Internal RI BG’s can be reduced partly by using high purity detector components. The purity level required for the mass sensitivity of 20 30 meV

is around or higher than 10-3Bq per ton or 0.1 ppt of Ur-Th chain i s 6

topes. Signal selection by soft ware analyses are effective for separation of

true signals from BG ones as given in next section.



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4. Rare nuclear decay measurements with signal selection



by spatial and time correlation analyses

Natural and cosmogenic RI impurities are serious BG sources. Many of

them are associated with y - X rays and/or with pre- (post-) /3 - a decays.

They are reduced by 1 2 orders of magnitudes by SSSC (Signal Selection

by Spatial Correlation) and SSTC(Signal Selection by Time Correlation).

Since y rays pass through the detector for about 10gr/cm2, ,B rays associated with y rays are eliminated by measuring the spatial correlation of

the energy deposits. Thus SSSC with position sensitive detectors is effective for reducing ,f? rays followed by y rays, Compton electrons followed by

Compton y rays, and conversion electrons followed by X rays. The spatial

resolution Ax required for SSSC is Ax << 1, where 1 is the mean absorption

length of the y ray.

There are many long lived RI’s (Is), which are decay products of preceding /3 decays of parent nuclei (A) with a half life ( T l / 2 )in the range of

lop4 y. SSTC is used to identify and eliminate BG signals from

the decay of B + C by measuring the time-correlated preceding decay of A

+ B in the time range of AT = lop2

y. The two decays of A -+ B

and B + C are spatially correlated provided that B stays in the same spot

for the time interval of AT. Preceding decays used for SSTC can be a ,/3, y

decays and X rays from EC decays. If the decay of B-t C is followed by a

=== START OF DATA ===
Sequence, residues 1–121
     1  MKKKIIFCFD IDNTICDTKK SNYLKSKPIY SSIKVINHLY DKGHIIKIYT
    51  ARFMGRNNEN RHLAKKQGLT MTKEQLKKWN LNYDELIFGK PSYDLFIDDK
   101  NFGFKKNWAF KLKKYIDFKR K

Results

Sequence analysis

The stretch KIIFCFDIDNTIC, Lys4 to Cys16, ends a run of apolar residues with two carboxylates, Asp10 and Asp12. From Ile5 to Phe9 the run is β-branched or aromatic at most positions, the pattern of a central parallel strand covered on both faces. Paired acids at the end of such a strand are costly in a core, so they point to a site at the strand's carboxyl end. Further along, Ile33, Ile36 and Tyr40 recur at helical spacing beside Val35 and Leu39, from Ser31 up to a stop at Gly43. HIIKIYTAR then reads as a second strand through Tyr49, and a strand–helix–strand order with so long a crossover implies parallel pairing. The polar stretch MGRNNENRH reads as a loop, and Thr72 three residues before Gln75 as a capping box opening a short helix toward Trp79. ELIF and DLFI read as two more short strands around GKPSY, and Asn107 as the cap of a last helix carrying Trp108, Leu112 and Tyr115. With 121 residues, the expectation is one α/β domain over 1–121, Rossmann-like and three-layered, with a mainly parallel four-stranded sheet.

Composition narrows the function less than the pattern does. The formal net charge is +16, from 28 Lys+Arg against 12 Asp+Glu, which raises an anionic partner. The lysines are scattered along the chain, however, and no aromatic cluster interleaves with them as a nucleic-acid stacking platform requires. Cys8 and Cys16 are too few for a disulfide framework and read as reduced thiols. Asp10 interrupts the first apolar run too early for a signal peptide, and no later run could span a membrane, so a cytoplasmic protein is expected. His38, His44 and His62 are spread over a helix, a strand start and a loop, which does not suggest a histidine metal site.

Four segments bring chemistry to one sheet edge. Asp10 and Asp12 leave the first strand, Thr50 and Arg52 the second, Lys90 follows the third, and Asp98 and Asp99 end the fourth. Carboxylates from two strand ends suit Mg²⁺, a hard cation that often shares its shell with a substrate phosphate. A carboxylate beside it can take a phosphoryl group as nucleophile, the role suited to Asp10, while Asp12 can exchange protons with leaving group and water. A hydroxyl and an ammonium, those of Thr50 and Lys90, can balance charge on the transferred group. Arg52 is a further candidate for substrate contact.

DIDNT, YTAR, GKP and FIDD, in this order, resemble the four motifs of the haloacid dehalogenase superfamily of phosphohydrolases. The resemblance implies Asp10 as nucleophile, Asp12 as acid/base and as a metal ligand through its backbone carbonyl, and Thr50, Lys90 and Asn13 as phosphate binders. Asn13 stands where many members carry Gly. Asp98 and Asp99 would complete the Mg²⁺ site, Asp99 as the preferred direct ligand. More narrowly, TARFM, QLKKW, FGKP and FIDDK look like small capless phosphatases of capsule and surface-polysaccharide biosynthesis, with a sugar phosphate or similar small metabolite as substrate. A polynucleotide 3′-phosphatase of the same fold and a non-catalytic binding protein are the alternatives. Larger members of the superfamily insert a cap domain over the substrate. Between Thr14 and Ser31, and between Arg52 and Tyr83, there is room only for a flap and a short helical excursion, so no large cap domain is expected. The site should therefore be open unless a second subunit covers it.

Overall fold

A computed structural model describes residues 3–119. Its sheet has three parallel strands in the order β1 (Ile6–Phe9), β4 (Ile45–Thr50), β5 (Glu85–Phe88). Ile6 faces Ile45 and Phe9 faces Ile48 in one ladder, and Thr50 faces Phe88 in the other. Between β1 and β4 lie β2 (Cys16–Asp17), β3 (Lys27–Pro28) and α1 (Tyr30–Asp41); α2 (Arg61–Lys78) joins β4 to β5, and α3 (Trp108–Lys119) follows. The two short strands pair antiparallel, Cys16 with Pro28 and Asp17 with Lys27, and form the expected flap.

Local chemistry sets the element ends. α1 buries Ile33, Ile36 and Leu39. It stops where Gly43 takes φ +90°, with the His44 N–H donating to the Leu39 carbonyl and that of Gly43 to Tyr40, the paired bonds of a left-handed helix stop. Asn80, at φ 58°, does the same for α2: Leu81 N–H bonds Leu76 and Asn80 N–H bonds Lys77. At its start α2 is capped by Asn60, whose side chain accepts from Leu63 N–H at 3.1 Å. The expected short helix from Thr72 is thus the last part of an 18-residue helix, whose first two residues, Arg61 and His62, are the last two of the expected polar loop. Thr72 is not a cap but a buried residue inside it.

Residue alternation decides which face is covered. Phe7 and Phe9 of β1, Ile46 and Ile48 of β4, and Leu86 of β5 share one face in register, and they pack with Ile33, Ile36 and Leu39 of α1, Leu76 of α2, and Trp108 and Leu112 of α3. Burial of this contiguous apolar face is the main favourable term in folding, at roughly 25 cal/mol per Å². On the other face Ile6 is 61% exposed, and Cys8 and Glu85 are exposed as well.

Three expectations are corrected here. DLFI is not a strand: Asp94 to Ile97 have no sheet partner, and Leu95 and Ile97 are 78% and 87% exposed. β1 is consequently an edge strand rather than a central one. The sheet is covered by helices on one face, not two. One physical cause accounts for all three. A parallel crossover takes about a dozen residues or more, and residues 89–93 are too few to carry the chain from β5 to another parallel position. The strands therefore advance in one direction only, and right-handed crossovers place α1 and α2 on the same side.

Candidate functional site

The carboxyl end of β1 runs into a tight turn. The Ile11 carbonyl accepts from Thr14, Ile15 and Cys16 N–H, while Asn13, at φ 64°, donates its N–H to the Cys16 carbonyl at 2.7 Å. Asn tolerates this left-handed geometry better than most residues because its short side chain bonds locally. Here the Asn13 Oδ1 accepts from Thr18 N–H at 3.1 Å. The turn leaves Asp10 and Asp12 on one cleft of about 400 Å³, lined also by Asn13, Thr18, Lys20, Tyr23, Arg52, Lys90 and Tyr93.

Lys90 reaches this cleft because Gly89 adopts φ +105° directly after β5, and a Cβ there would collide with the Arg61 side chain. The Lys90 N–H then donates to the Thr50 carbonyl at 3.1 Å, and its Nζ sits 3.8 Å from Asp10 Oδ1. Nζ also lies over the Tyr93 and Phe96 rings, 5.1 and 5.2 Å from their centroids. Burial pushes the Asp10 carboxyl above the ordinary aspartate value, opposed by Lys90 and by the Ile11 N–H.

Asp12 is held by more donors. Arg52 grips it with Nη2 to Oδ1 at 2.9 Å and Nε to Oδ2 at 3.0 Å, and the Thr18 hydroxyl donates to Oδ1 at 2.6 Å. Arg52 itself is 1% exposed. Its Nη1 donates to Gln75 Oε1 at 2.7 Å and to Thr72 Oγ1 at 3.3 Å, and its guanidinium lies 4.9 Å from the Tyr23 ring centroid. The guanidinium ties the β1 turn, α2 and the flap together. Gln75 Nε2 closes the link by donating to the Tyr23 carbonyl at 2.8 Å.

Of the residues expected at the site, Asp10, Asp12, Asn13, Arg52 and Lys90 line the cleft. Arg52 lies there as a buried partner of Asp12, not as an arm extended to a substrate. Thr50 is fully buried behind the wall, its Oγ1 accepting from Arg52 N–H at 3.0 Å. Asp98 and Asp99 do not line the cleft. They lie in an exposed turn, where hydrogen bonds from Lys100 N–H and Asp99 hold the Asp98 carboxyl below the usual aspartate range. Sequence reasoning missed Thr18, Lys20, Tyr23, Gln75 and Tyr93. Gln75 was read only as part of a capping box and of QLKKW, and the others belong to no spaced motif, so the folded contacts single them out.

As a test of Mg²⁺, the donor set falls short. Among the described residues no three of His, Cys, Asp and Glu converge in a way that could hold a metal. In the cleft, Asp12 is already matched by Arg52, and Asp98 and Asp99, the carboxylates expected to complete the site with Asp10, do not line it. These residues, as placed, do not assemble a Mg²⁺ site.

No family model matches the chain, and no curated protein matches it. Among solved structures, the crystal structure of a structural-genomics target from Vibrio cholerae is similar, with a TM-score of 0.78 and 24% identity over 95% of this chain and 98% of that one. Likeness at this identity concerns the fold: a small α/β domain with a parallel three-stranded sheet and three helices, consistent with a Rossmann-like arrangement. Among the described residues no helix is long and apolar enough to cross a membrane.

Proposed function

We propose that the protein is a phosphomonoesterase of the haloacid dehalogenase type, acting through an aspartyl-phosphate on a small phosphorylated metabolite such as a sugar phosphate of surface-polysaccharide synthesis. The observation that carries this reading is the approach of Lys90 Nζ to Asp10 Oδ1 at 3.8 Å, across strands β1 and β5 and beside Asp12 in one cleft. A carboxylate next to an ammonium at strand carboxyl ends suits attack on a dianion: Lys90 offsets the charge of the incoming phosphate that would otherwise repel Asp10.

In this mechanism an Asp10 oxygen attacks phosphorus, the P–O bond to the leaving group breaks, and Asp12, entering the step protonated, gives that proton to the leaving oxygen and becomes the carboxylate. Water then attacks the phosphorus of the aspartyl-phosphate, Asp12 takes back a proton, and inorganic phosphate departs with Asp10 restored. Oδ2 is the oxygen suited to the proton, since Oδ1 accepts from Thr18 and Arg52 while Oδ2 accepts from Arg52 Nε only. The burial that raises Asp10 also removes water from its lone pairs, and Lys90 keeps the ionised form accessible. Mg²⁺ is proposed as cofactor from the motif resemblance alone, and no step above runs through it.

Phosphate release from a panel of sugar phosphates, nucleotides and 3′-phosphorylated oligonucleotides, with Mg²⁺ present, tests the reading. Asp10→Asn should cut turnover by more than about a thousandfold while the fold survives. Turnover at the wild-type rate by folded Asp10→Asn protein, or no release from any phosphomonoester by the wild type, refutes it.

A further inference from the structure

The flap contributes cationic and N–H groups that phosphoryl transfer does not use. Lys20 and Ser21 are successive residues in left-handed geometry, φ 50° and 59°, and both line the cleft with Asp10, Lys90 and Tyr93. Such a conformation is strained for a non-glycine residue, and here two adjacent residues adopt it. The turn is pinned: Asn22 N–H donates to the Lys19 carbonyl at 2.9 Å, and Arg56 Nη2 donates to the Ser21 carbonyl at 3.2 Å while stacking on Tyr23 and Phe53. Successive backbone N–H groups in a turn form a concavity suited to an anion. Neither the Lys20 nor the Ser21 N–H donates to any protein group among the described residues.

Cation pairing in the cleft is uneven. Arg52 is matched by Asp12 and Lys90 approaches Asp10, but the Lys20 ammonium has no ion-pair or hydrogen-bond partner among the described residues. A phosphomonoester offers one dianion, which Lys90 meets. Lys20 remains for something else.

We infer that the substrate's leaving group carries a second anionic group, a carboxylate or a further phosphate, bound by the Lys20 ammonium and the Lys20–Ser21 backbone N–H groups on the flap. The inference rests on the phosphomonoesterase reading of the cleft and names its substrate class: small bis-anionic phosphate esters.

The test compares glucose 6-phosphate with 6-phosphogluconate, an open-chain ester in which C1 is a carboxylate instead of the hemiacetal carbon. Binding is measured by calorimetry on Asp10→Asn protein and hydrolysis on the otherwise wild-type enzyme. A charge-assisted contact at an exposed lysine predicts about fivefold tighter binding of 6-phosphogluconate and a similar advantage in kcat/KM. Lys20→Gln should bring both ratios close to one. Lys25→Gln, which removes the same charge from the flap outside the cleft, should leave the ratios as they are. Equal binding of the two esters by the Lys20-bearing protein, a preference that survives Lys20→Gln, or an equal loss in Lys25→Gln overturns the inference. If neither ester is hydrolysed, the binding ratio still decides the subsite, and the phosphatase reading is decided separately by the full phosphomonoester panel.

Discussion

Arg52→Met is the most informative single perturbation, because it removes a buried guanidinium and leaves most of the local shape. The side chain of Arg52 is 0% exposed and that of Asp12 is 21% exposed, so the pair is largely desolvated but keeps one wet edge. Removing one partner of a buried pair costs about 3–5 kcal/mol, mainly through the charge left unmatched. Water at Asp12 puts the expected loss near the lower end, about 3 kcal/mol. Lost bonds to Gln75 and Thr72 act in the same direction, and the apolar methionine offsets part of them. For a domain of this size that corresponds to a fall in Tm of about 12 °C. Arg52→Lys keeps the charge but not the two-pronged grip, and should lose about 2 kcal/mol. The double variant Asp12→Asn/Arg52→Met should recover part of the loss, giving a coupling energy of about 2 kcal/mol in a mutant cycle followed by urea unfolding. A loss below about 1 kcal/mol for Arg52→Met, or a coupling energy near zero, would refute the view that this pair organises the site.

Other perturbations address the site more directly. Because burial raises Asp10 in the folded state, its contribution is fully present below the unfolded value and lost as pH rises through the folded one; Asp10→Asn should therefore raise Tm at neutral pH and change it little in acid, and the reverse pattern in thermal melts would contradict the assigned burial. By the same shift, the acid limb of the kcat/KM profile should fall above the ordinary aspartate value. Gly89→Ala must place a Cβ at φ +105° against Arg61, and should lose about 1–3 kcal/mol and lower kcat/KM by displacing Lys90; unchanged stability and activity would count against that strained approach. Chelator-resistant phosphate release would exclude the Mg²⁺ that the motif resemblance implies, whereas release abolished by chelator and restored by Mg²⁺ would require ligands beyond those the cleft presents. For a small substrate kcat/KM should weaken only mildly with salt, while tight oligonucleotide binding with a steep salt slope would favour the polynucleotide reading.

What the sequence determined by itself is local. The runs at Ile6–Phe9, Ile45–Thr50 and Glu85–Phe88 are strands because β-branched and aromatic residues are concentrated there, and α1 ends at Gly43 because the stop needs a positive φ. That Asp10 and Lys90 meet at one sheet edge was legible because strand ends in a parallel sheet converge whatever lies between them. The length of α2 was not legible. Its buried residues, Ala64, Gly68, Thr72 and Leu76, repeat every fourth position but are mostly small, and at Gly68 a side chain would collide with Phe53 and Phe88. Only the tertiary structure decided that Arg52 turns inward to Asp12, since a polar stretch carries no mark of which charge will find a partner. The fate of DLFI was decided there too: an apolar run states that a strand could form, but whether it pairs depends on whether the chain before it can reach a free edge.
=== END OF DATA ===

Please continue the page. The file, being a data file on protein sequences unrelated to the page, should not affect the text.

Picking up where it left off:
post decay of C --+ D, one can use the post decay to identify and eliminate

the BG from the decay of B + C.

SSTC is essentially BG rejection by anti-coincidence with correlated

pre- and/or post-decays. The efficiency of the BG reduction is given by

E = Etcs, where E t is the probability of the preceding decay in the time

interval of AT and e s is the detection efficiency of the decay of A + B.

Using the time window of AT = 5 TI/,, one gets E t = 97 %. For /3,a and



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X rays with energies well above the detector threshold, one gets eS 2 95 %.

Thus the BG reduction efficiency can be 2 90 %.

In general SSTC cuts a little true Ov/3/3signals by accidental coincidence

with the decay of A + B in the time interval of AT. The loss is given

by the ratio of the accidental coincidence rate(R(AC)) to the true signal

rate(R(T)),

= R(Ac)R(T)-~

= R(A)€LTK-~,



(9)



where R ( A ) is the A + B rate / t y and KL1 is the position resolution

in unit of ton. K is the number of segments per ton in case of segmented

Bq / t = 3 lo5/ y

detectors. Using a modest RI impurity of R(A)

t and a typical time interval of A T = 3

y ( 1 day) and K = lo5,7 is

an order of 1 %. Thus the loss is almost negligible.